Pedagogically this is a slam dunk to pair experts with student debaters as everyone benefits in some way, except perhaps audiences who will tend to bend toward the voice of the expert as a default. This is why I would rather have experts comment on debates that are conducted by regular folks who care about the topic and are interested in it. The question of debate knowledge comes to the front. Without the typical props of expertise or statistics or monologues, but just logos, just words. The expert can then express surprise that the discourse fell into the norms of expert conversation or that it touched on elements of the "professional" conversation without having that background. The power of this comes from demonstrating how conversation in a reason-giving format of discourse can produce an equivalent, if more open or more pluralistic, discourse as the experts can when talking. The locus of authority in what to believe comes from the people, or the audience, instead of the expert, which might worry people. But what should worry people is how expertise, as a discourse, is designed to eliminate alternatives to its own official articulation under the guise of progress. Thomas Kuhn has detailed this in science, but it follows that most fields would be the dual adoption of a method of research and knowledge generation, and a method of knowledge policing and defense.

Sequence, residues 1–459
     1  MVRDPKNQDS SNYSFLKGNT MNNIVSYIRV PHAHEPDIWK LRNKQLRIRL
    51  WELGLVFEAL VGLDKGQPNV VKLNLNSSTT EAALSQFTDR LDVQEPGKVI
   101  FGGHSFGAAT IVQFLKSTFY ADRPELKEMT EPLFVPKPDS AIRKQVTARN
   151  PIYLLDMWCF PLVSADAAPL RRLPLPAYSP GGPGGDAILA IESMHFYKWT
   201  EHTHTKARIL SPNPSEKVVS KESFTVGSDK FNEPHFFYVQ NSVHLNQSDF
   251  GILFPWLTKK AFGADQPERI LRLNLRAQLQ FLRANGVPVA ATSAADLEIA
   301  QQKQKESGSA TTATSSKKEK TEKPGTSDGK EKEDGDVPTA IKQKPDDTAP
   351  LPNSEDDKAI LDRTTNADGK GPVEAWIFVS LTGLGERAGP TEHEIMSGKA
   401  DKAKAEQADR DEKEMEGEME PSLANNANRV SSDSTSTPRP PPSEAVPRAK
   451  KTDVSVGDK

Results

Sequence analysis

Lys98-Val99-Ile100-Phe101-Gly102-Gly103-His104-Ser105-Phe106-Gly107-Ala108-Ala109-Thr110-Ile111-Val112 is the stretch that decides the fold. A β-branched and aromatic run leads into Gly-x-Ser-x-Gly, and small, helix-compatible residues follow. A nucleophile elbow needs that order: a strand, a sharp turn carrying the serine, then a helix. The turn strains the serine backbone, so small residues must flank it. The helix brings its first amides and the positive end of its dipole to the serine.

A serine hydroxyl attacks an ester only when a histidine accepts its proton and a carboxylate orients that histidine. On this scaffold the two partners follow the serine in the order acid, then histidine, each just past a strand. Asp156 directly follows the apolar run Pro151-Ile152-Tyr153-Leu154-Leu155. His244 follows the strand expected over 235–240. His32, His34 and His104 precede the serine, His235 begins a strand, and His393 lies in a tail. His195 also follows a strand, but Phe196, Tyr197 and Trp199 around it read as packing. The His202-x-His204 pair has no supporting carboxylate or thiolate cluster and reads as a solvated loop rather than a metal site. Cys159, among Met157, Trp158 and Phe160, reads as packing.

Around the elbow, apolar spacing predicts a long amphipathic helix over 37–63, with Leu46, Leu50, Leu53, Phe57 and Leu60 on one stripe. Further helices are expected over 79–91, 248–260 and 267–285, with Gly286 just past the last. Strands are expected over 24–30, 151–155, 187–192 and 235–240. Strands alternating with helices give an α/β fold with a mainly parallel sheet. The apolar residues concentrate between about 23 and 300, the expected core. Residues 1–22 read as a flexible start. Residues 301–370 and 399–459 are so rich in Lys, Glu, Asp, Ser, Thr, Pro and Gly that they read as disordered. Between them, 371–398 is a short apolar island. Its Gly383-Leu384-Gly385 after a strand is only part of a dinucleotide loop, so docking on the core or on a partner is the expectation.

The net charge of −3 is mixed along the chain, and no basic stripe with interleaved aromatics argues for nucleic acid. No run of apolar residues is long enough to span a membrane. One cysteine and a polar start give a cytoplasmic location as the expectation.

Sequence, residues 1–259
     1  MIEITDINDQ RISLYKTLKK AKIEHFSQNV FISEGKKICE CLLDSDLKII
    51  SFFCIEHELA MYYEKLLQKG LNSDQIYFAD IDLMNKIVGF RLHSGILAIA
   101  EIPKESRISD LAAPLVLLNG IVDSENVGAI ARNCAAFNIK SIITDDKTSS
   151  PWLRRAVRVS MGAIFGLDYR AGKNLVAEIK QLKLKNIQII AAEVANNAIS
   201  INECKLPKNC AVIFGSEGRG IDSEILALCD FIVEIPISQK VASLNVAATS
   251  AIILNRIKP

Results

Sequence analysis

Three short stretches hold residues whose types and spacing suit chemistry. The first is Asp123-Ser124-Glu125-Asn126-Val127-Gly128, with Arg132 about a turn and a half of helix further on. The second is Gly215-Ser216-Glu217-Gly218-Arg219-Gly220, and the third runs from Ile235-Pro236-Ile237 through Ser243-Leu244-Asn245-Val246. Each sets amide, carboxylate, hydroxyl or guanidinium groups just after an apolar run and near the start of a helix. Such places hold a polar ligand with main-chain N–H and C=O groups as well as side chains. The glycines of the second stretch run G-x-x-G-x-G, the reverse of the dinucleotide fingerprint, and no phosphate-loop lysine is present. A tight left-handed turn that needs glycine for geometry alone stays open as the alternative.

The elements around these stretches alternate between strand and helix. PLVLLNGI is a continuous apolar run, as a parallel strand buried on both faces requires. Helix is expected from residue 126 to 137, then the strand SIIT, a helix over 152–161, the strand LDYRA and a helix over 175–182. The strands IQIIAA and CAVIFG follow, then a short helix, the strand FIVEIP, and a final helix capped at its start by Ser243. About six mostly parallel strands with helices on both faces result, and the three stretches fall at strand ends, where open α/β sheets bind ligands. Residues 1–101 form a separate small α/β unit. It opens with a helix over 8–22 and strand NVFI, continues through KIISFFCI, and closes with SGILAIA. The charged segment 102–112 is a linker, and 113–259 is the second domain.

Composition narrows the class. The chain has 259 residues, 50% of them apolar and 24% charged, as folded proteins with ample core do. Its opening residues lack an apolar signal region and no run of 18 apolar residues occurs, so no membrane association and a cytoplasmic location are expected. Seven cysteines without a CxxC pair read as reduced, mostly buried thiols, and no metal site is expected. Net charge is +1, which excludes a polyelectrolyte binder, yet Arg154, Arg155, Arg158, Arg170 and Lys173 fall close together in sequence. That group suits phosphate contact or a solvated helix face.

So debate with laypeople for assembled audiences, however they manifest, will be constituted as subjects and with their corresponding agency by the rhetoric of the speakers. That rhetoric should be unpropped by expert convention in order to reveal the constructed nature of knowledge. Then we have another set of tools, another approach to evaluating knowledge when usually we are not asked to evaluate knowledge at all, but claims, and usually just asked to learn how to accept expert discourse while merely entertaining other discourses out there.

So with that, what did I think of this debate?

No term describes intercollegiate debaters better than "trained incapacity," that wonderful ideas from Thorsten Veblen fleshed out by Kenneth Burke. A trained incapacity is when one's training to do something well eliminates the appropriate or effective interpretation of a situation or phenomena. The over-determination of good training leads us sometimes to make the wrong decision, which reveals our fidelity not to getting the read of the situation right, but getting our loyalty and piety toward our orientation or perspective right.

The training of debate which is the curriculum of the tournament, the contest alone, is responsible for all the strange asides and front-loading of the intercollegiate debater speech. The first speaker on the affirmative spends about 3 minutes telling us what the debate is about and isn't about - as if the audience wasn't there to make those determinations based on the arguments they hear! The debaters in this debate are speaking the holy language of the debate tournament. They see the word "debate" and believe that there is but one operation available. They believe that they are there to win the debate by conducting an appropriate debate, by definition. This is opposed to the perspective that one is not there to win or lose the debate but to provide reasons and persuade. Intercollegiate debaters are persuading, but they are persuading themselves that they are "doing it right," that they are doing debate correctly, meeting the needs of debate, not the audience, and conforming to the requirements of the contest alone.